He also explained how important it is for an offensive team to be able to attack the paint and, conversely, for a defensive team to be able to prevent such attacks: "I think that every NBA game that is played is all about controlling the middle. You have big men who post up, you want to post them up deep (in the paint) to draw a double team. When you have (a healthy) Jermaine O'Neal, you try to draw a double team and then go inside out. Our whole objective (defensively) is to stop penetration and stop deep post ups. When we do that well, we give ourselves a good chance of winning. Doing that well and talking about it and getting it done are things that we deal with daily. The whole practice today was about that: controlling the paint and being in the position where your rotations are crisp to get out to the three point shooters."

If some of those concepts sound familiar, it may be because O'Brien mentioned them to me when I interviewed him for my Chess and Basketball article: "In both basketball and chess the middle must be controlled. In our sport, it’s the three second paint—defensively we want to control that by keeping the ball out of the middle and offensively we want to control it by making sure that we get the ball into the middle. I have never won a chess game—or have not won very many times--when I didn’t control the middle of the board."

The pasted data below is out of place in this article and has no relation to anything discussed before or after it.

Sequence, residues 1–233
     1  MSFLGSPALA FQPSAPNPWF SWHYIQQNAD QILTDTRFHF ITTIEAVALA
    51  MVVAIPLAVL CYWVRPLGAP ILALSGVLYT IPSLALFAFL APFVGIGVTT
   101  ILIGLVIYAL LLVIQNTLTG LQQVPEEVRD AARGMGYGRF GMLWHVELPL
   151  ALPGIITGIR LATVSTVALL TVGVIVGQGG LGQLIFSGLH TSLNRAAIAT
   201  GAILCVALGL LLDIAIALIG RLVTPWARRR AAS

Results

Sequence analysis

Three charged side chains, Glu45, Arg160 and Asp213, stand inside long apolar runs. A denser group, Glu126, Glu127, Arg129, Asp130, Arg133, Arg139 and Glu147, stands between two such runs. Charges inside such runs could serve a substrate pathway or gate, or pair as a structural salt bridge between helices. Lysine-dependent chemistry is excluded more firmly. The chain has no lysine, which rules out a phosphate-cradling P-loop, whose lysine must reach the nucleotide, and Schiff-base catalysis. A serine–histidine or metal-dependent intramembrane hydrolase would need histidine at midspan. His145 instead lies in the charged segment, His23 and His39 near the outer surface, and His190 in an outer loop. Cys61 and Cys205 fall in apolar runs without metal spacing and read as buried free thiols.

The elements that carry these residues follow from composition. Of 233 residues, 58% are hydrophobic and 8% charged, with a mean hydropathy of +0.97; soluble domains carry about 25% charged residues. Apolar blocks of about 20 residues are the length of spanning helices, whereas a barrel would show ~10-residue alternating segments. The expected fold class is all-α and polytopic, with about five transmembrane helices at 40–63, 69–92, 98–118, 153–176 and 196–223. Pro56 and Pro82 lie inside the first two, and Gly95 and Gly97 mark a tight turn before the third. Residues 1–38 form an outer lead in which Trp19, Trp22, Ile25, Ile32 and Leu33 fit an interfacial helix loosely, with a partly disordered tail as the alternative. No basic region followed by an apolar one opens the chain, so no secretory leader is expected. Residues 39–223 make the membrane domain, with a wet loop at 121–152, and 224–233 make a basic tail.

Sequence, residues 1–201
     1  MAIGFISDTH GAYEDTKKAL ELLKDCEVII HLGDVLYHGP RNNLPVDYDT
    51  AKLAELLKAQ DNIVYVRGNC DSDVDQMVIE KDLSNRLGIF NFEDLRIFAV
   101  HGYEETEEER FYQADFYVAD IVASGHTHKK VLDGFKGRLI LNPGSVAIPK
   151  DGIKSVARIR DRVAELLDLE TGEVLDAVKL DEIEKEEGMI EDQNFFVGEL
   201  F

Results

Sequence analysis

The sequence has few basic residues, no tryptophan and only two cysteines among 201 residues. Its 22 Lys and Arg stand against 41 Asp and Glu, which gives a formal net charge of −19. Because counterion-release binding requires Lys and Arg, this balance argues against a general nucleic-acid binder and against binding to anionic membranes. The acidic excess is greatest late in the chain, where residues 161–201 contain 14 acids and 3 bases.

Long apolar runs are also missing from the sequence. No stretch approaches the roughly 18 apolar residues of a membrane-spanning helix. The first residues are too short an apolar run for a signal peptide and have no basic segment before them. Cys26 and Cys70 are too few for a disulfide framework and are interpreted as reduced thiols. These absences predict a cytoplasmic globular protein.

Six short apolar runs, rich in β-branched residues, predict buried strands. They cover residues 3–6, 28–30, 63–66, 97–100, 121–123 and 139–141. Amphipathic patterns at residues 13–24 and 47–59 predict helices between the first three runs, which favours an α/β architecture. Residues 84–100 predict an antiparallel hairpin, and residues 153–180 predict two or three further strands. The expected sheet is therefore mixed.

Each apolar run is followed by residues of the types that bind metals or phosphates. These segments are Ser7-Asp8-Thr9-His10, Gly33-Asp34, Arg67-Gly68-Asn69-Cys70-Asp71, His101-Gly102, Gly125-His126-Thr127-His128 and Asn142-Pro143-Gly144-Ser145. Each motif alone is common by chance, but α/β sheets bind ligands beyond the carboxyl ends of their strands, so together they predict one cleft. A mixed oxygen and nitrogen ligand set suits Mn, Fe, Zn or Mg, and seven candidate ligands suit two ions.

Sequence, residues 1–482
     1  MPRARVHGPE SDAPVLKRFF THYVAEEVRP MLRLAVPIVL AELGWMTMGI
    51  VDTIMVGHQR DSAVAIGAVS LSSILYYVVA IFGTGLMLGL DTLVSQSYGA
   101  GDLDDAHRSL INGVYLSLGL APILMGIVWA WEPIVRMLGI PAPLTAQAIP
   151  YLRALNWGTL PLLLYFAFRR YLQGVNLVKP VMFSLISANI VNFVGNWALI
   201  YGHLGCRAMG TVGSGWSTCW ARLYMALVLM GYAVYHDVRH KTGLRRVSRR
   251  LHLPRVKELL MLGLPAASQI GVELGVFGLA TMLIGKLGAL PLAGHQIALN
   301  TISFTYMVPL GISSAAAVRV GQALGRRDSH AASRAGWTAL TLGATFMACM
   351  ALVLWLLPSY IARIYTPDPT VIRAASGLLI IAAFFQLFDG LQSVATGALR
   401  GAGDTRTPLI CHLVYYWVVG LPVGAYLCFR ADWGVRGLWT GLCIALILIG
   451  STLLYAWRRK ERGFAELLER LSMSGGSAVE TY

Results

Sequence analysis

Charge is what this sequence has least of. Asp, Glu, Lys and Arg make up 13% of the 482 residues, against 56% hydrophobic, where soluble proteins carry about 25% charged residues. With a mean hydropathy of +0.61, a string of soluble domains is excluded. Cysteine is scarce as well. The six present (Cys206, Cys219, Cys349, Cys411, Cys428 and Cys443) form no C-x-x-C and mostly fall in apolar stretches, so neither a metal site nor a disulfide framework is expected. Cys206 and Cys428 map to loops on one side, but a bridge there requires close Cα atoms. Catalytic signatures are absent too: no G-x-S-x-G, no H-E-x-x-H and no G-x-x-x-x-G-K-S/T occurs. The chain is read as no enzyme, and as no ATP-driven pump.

After the game, I talked one on one with Bosh about his difficult first quarter:

Q: "In the first quarter, did you feel like the Pacers were getting away with holding you and kind of roughing you up?"

A: "I'm used to that. It's all in a day's work."

Q: "It didn't seem like anything more than usual?"

A: "I've been there before. I know that initially it is going to be physical, so I just try to gauge and see where it is going and after that I can adjust my game to it."